The Atmosphere plugin for After Effects simulates atmospheric conditions such as haze and fog in your composition. Atmosphere allows you to set the depth which the atmosphere is visible in your scene, so that you may make layers further away from the camera appear to be more deeply immersed in the Atmosphere then layers closer to the camera (or the other way around). This also applies to parts of layers: If part of a layer is near the camera and part of it is far away, the pixels near the camera will appear less immersed in the haze/fog than the pixels far away from the camera. You can simulate very realistic or very unrealistic types of atmospheric effects.

Atmosphere Effect Controls

Color: This changes the color of the atmosphere. In the real world, a haze is almost transparent white, while atmosphere tends to be white or light gray, so the default setting is white. Smog and other types of atmospheric junk can cause other colors to appear, such as oranges and reds.

Note: If you change the color of the atmospheric environment, you’ll probably want to change the background color of your composition to match. Otherwise you’ll have layers with one color of atmosphere applied to them against a backdrop of a different color of the atmospheric effect.

Start Depth: This sets the distance (in pixels) from the camera where the atmosphere begins. Pixels closer than this distance remain unchanged. Pixels at or beyond this distance have some amount of fog applied to them. How much depends on the other settings you choose.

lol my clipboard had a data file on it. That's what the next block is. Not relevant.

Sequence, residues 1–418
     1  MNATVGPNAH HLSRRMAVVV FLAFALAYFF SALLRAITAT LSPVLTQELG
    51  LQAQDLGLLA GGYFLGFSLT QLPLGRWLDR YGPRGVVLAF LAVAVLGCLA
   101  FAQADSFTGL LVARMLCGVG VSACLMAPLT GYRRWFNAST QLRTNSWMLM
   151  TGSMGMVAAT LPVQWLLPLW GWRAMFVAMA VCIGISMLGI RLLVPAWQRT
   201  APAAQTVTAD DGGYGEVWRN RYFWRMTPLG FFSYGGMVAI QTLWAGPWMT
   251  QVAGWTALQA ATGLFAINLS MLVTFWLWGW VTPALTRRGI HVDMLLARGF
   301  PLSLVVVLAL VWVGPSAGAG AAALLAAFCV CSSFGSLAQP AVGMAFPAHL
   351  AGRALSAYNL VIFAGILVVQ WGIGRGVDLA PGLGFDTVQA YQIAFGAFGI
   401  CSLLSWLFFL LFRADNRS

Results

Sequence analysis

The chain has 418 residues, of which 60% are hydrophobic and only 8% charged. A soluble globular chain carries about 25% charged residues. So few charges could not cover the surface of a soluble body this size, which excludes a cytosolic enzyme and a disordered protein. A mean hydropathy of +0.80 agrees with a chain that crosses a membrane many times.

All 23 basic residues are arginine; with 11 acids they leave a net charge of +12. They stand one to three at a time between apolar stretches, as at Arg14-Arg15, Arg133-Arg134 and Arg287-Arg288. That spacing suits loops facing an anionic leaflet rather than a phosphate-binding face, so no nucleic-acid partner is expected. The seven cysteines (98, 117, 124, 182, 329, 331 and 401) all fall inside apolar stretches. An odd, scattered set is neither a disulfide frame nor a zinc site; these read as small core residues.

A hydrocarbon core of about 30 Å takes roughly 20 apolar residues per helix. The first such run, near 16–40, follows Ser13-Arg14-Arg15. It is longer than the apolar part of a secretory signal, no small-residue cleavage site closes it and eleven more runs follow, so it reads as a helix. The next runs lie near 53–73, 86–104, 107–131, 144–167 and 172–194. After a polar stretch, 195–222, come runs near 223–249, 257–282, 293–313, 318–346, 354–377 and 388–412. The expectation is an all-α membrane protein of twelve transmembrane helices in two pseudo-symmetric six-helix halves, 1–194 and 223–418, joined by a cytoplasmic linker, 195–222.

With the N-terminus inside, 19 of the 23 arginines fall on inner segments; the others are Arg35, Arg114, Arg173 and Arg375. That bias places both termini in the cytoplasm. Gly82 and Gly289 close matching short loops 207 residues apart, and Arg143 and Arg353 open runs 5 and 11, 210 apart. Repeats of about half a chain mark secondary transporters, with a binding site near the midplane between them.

End Depth: If you set the Rolloff parameter to Linear, then the End Depth is the distance from the camera where the fog becomes opaque. Anything at or beyond this point is completely covered by the fog and cannot be seen. Pixels between the Start Depth and End Depth have proportionally more fog as their distance from the camera approaches the End Depth. If you set the Rolloff parameter to either Exponential or Exponential Squared, then any pixels beyond this distance from the camera have the same amount of fog as pixels at this distance.

Rolloff: There are 3 different types of fog you can apply.

  1. Linear: The amount of fog that covers a pixel is directly proportional to the distance of that pixel from the camera.
  2. Exponential: The amount of fog that covers a pixel varies not only with the distance of the pixel from the camera, but also with the value of the Density parameter.
  3. Exponential Squared: This works in the same manner as the Exponential version, but increases more slowly at near distances and more quickly at farther distances.

Density: This parameter is only valid if the Rolloff parameter is set to Exponential or Exponential Squared. It determines the rate at which the fog increases as the distance from the camera increases. Larger values will increase the fog’s opacity more quickly as you move away from the camera.

Input Gamma: This parameter is only available on the individual layers’ effect and won’t display on the Master Atmosphere Control Layer’s list of parameters. This should be set to the gamma of your video footage. If you’re using video in a broadcast format, such as DV, MPEG, MJPEG etc. it should be set to 2.2. If your footage is compressed with Apple’s “Animation” coded for Quicktime, it should be set to 1.8 (even on Windows). If your footage is from a 3D application that doesn’t apply gamma correction, it should be set to 1.0. If you’re unsure of the value, 2.2 is a safe setting to use. Setting this value correctly will make the fog look more realistic.